Updated: Made the shot smaller with a click-thru for the larger image

Thursday Jan 27, 2005

Last week, I mentioned Jens Vonderheide's java_mp3 a Java-based MP3 ID3 Tag Library. This week I've been fooling around with another Java-based MP3 tag library called JID3. This library is quick and easy to use. It supports V1.0, V1.1 and V2.3.0 tags (but not V2.2.0 tags). The developer, Paul Grebenc has been helpful with my questions and comments. Worth checking out if you need to process MP3 tags.

Wednesday Jan 26, 2005

And so the epic tale begins ...

    Wants pawn term, dare worsted ladle gull hoe lift wetter murder inner ladle cordage, honor itch offer lodge, dock, florist. Disk ladle gull orphan worry putty ladle rat cluck wetter ladle rat hut, an fur disk raisin pimple colder Ladle Rat Rotten Hut.
Wha..? That looks like the string of words one finds in spam email that is trying hard to wind its way through the spam filters. But its not spam and it's not just random words, it's the opening paragraph of a well-known story. This version was written by Professor H. L. Chace, who wanted to demonstrate that prosody - that is, the melody of a language - is an integral part of its meaning.

To hear this story read with the proper prosody, which will make the story much more recognizeable, check out the Exploratorum page on Ladle Rat Rotten Hut.

And never for get the moral of the story:

    Yonder nor sorghum stenches shut ladle gulls stopper torque wet strainers

Thanks to Paul Martin for showing me this one.

Tuesday Jan 25, 2005

My brother-in-law, Matt, is a 'buyer'. He doesn't rent DVDs, he buys them. He has a fairly large DVD collection (maybe 100 or so) and he can watch them whenever he wants, but he limits his DVD purchases to one every other week. I'm a 'renter'. I don't buy DVDs (with a few notable exceptions) I rent them. I probably rent two a week on average. I'd guess about 80% of people fall into the 'renter' category for movies while the rest are the 'buyers'.

However for music, most of us are 'buyers'. We want to own the music. Perhaps we have a more personal attachment to our music and the rental-bond is not strong enough for us and that is why we buy. Or perhaps there just isn't any good way for people to rent music. It's not impossible to rent music. I can go to,VirginDigital or one of the other music subscription service, pay a modest monthly fee and download all of the music I want, at any time. The problem is that the music is tied to my computer. I can't put it on my iPod, I can't listen to it in my car, I can only listen to it when I am sitting at my computer. This has been the biggest barrier to the acceptence of music subscription services - you can't take the music with you. However, things are about to change. This week's Technology Review has an article called Gunning for iTunes that describes how these subscription services are adopting Microsoft's Janus technology. With this DRM technology, music renters will be able to take their rented music with them in their portable devices. Renters won't be chained to their computers while listening to their music. They'll be able to load up their portable music player with their rented songs just like they can with their purchased iTunes songs. As long as their subscription is current and they sync their player at least once a month, they can listen to all of their rented music.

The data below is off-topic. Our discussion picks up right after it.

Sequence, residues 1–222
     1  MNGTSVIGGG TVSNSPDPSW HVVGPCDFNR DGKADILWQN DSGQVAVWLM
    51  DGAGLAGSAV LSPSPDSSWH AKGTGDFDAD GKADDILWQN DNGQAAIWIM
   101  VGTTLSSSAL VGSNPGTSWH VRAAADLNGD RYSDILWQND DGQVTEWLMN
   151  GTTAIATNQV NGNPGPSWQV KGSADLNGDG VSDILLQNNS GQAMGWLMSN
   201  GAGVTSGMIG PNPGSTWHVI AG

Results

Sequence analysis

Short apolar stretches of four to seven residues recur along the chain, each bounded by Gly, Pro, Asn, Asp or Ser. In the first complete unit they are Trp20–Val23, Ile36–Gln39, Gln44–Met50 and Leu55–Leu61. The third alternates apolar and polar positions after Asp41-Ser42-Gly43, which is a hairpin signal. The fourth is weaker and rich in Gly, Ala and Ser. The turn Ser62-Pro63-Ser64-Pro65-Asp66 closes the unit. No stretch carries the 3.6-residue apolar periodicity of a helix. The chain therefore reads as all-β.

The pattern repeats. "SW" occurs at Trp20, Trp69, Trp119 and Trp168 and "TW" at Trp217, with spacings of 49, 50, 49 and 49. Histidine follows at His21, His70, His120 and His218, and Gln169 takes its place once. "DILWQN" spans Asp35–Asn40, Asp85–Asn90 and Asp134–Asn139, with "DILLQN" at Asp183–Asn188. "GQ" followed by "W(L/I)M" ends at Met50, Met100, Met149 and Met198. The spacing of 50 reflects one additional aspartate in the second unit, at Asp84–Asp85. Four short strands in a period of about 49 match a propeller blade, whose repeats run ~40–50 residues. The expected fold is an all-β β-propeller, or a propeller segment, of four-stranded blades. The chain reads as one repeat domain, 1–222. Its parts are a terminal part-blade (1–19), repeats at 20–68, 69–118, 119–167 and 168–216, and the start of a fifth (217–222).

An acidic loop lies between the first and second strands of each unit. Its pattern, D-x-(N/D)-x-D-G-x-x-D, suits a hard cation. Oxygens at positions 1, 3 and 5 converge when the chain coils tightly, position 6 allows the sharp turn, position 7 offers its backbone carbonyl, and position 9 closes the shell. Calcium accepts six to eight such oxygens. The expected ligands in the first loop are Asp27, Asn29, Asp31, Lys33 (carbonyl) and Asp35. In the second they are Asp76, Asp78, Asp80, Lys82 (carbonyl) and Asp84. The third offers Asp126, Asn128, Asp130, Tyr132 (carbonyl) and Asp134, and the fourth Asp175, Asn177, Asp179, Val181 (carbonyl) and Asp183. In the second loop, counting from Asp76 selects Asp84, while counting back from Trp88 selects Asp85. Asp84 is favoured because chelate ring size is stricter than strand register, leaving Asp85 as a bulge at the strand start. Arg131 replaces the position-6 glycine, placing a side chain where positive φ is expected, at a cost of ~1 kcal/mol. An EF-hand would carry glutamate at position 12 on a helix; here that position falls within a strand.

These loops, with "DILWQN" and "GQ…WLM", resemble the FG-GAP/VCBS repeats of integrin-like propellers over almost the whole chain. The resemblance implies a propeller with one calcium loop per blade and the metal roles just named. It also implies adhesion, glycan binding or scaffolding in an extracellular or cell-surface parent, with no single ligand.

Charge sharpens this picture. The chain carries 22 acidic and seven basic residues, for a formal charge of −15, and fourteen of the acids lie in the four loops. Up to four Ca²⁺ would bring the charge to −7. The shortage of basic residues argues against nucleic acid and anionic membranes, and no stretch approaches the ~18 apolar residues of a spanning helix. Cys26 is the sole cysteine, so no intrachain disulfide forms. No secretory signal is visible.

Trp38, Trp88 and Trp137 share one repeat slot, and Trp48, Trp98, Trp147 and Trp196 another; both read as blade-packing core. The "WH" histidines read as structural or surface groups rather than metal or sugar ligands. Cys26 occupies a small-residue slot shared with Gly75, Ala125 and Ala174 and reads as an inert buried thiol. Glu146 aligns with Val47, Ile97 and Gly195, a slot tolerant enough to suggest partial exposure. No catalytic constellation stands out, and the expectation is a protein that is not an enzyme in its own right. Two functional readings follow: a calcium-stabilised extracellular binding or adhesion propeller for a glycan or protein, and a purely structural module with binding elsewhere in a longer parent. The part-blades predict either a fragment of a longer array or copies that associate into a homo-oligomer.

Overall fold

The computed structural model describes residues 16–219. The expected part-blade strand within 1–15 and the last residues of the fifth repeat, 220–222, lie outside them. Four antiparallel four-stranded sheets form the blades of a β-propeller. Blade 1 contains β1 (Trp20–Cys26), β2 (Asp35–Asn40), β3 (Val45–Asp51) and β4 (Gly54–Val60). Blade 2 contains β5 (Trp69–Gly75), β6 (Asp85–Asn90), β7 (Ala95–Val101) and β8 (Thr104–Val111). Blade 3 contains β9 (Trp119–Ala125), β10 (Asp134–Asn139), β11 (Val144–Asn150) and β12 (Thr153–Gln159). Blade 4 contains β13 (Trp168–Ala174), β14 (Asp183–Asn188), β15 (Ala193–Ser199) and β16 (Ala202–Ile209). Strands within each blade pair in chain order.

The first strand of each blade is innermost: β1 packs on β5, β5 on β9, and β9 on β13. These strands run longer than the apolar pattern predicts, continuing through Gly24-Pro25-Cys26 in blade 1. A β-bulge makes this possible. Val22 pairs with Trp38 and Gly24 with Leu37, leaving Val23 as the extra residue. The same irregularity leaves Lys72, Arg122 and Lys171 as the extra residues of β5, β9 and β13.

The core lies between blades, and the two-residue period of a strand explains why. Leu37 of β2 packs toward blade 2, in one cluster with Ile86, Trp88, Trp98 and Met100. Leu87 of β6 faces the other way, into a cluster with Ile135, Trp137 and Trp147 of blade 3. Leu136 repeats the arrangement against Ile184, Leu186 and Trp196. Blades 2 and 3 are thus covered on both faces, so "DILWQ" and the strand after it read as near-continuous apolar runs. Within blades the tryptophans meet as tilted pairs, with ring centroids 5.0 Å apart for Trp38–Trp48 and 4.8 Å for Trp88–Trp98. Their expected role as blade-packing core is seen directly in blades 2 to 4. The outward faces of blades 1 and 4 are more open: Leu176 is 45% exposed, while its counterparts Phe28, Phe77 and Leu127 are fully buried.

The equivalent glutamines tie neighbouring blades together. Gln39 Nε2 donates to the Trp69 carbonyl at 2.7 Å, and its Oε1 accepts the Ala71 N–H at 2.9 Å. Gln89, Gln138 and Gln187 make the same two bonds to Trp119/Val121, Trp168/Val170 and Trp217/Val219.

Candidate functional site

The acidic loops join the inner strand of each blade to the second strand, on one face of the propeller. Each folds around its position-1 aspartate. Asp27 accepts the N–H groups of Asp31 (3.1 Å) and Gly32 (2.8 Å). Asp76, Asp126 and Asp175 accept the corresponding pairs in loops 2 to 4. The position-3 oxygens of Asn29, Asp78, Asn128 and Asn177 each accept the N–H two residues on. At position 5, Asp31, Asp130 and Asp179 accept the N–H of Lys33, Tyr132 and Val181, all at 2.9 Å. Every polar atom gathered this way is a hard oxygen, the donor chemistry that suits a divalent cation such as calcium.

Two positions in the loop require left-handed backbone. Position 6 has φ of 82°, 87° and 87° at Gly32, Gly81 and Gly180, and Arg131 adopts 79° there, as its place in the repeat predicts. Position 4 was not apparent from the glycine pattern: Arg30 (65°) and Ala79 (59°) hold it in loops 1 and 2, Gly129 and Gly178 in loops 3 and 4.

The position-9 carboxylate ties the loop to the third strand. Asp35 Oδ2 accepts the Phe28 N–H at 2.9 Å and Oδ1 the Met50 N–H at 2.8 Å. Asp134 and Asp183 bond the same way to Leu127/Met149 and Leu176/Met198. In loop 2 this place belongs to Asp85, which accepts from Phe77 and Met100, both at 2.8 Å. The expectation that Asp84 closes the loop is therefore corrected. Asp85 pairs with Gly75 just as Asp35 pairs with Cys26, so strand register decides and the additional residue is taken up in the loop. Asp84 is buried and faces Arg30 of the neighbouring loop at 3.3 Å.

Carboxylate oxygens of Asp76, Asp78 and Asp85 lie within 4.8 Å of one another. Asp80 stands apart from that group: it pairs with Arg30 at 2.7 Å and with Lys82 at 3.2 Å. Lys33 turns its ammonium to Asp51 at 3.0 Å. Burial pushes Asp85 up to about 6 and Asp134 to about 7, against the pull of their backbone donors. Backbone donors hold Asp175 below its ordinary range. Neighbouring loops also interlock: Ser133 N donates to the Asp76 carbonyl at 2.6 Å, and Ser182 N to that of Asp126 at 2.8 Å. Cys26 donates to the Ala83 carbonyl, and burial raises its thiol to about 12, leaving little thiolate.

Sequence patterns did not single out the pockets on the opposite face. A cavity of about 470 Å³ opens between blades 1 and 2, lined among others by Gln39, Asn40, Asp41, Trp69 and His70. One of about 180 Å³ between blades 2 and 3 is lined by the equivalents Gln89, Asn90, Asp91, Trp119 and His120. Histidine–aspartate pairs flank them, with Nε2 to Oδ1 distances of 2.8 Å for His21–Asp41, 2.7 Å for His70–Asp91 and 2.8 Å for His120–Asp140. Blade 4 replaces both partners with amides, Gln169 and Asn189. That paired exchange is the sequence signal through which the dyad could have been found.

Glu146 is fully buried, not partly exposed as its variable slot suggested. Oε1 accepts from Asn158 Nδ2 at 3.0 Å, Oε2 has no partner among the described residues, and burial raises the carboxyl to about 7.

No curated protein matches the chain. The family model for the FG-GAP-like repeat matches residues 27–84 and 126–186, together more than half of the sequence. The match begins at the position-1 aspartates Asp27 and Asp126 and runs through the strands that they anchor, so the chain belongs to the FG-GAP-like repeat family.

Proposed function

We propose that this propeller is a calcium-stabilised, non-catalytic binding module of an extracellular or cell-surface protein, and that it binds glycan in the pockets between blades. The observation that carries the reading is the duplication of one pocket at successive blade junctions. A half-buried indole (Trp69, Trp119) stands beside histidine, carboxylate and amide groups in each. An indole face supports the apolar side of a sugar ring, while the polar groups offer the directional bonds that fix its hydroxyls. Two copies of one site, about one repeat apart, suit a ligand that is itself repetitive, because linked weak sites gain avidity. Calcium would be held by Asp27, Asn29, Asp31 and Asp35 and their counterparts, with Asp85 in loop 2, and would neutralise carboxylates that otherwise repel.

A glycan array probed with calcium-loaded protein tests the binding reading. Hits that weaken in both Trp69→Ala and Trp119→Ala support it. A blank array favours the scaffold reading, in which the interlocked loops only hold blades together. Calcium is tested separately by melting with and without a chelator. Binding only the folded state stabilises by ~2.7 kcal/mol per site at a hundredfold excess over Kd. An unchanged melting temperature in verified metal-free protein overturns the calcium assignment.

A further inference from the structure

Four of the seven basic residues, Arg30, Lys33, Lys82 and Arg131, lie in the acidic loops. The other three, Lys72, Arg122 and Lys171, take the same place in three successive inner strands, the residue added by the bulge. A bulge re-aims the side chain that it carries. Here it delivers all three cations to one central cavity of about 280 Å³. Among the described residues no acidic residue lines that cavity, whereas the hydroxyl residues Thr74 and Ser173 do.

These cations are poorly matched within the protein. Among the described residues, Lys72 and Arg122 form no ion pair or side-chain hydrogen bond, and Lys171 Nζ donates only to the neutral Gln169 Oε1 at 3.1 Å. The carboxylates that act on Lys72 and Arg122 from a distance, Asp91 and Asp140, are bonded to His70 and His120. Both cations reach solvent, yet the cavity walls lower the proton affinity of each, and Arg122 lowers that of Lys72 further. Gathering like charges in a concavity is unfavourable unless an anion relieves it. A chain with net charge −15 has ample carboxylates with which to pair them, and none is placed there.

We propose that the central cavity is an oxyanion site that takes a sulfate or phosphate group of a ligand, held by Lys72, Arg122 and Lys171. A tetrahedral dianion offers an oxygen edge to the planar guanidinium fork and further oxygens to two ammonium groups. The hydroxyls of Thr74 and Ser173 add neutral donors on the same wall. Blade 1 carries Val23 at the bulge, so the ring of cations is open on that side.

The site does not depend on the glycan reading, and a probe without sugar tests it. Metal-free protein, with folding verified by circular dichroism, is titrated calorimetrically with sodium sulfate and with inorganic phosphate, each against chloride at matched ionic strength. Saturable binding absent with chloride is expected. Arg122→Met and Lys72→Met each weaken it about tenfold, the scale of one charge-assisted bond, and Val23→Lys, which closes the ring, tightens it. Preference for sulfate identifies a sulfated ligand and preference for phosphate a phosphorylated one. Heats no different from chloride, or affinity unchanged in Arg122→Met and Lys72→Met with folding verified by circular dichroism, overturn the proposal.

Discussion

Right now, if I want to legally fill up an iPod with songs purchased from iTunes, it is going to cost me about $10,000. That's way more than I want to pay. However, I'd be quite happy to pay $15 per month to have access to a million song collection that I could listen to at home, in my car, at work, wherever. I'd have, in effect, a million song iPod. Well, except it wouldn't be an iPod. iTunes isn't a subscription service and Apple hasn't (and probably won't) adopt Microsoft's DRM. But I wouldn't be surprised if Apple decides to roll out their own subscription-based iTunes based upon their own DRM. Apple has everything they need. They have DRM, they have the deals with the music publishers, and, most importantly, they have the ubiquitous iPod. Look for the million song iPod, I'm betting that it's coming soon.

Saturday Jan 22, 2005